4. Make a fire
This can easily be done if you have some waterproof matches to light some twigs and then add increasingly bigger branches. Of course, all these wood and leaves have to be dry, or otherwise, you’ll work very hard to actually start the fire since the water in green branches works against you.
If you don’t have waterproof matches, you can use the power of friction to produce a spark, so start by building a tinder nest from things like dry grass and leaves. Find a board-like piece of wood and make a notch inside it where you can introduce a spindle-like branch.
Take a piece of bark under this notch because once a flame is produced, you need to have something that catches it. Spin the spindle as fast as you can and roll it until the board lights with ember, which you can transfer on the bark. Now, you can light the tinder nest and start your fire.
If it’s very sunny and you have eyeglasses, you can use your lens to direct sunlight towards the tinder nest and make it catch fire. You can do the same with a plastic water bottle if you have one at hand.
5. Find water and food
Water is essential for your survival, so start with that. If you have a water purifier with you, and lots of water sources, you’re covered. If not, you need to produce your own water and that includes collecting rainwater or dew. You can also take advantage of leaf perspiration by placing plastic bags on green tree branches and waiting for them to sweat.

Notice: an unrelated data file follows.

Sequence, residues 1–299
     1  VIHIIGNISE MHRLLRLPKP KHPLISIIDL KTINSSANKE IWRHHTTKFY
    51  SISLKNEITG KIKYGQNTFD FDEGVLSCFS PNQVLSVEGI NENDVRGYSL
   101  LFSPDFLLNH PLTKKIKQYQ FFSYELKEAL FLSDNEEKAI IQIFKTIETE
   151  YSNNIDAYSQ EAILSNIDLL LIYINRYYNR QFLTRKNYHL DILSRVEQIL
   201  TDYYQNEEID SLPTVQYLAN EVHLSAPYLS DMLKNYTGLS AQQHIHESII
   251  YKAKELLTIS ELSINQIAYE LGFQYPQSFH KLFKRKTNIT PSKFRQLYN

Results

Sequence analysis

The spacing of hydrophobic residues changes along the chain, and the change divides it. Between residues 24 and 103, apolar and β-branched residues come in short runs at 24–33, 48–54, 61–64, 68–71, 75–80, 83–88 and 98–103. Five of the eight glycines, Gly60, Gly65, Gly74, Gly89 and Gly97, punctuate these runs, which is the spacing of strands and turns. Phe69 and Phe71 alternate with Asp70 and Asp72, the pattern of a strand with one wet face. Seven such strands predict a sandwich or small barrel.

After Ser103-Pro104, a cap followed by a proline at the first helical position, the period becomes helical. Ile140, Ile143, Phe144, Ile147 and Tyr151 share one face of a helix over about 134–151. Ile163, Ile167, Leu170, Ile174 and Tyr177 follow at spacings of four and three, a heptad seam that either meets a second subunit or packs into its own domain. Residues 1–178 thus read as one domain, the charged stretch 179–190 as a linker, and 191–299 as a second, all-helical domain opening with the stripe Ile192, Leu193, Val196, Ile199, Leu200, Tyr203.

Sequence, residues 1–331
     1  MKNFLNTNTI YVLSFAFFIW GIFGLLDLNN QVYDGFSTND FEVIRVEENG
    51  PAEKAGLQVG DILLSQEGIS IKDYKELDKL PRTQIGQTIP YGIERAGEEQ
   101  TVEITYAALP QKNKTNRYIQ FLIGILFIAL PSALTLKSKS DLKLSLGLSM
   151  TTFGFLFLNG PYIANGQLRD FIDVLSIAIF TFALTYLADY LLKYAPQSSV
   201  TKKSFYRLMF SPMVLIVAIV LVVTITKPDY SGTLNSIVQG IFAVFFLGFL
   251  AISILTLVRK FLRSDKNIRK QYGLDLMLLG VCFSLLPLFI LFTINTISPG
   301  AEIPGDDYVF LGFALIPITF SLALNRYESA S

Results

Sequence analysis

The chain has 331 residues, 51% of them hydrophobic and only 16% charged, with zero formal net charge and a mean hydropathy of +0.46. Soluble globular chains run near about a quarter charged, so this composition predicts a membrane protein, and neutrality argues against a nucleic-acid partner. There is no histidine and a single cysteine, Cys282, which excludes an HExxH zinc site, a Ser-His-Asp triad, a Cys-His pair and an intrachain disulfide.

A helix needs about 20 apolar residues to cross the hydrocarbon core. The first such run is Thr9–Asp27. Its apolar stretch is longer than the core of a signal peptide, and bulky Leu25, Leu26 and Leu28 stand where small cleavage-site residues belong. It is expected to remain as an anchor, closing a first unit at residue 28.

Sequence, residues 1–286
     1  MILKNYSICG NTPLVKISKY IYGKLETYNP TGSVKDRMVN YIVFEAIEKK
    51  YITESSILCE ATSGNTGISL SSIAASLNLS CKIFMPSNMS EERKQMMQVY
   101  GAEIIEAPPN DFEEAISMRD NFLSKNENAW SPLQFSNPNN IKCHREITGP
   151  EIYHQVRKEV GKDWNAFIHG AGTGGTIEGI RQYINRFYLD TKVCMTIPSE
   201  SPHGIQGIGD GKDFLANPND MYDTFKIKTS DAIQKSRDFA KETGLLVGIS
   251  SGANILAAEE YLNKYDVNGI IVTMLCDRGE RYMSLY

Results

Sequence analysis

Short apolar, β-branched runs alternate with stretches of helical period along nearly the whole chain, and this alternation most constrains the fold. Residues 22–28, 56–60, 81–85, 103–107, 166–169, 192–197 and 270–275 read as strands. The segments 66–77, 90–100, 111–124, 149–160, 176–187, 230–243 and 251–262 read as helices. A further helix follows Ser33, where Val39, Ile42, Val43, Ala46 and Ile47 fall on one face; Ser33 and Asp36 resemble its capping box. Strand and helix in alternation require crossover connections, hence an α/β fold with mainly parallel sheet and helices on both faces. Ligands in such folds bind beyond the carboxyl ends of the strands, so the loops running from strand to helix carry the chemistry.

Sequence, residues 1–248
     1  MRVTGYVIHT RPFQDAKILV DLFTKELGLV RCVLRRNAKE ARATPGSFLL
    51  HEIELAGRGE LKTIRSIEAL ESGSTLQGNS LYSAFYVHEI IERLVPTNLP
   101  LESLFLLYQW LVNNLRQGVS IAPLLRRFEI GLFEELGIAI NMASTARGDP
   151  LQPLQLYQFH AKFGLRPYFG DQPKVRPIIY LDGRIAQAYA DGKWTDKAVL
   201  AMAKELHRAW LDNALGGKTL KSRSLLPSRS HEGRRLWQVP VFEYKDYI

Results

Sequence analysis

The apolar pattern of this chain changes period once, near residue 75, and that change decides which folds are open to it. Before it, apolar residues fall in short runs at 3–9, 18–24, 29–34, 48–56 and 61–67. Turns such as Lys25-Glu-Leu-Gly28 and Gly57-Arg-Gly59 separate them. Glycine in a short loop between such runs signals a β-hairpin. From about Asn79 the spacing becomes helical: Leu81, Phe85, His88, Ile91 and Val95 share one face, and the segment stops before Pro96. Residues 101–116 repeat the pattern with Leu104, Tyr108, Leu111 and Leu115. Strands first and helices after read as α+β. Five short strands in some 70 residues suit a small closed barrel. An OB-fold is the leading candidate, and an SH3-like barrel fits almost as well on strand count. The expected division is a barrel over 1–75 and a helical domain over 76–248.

Regarding food, make sure you ration the food you already have with you to about 500 calories each day. Otherwise, you need to find some food and the safest are animals, which you can hunt or set a trap for if you have the skills and tools.
The easiest to find and eat are insects, like worms, larvae and small bugs which have a good amount of protein and can be found hiding under rocks, and in humid, dark places. Plants are tricky, you can only eat those you’re sure aren’t poisonous.
6. Signal for help
Signaling for help means using everything you have around you but in groups of three. So if you’re on the move, blow your emergency whistle three times, then wait a few seconds before doing that again.
You can also build three campfires, leave three rock mounds or tie ribbons around groups of three trees if you’re on the move. If you have a satellite phone with you, you have increased chances of being able to send an alert message, and it’s always a good idea to let people at home know where you’re going and your itinerary.
Rebecca lives in USA, but loves hiking all over the world. Her favorite is Everest Base Camp Trek in Nepal. It usually takes 16 days, but she likes to slow down, enjoy mountains, company of other adventurers and take more pictures, so it took her 28 days last time. Another of her passion is the ocean, so all short and long hikes along the ocean shore bring a lot of joy. She also writes for hikingmastery.com.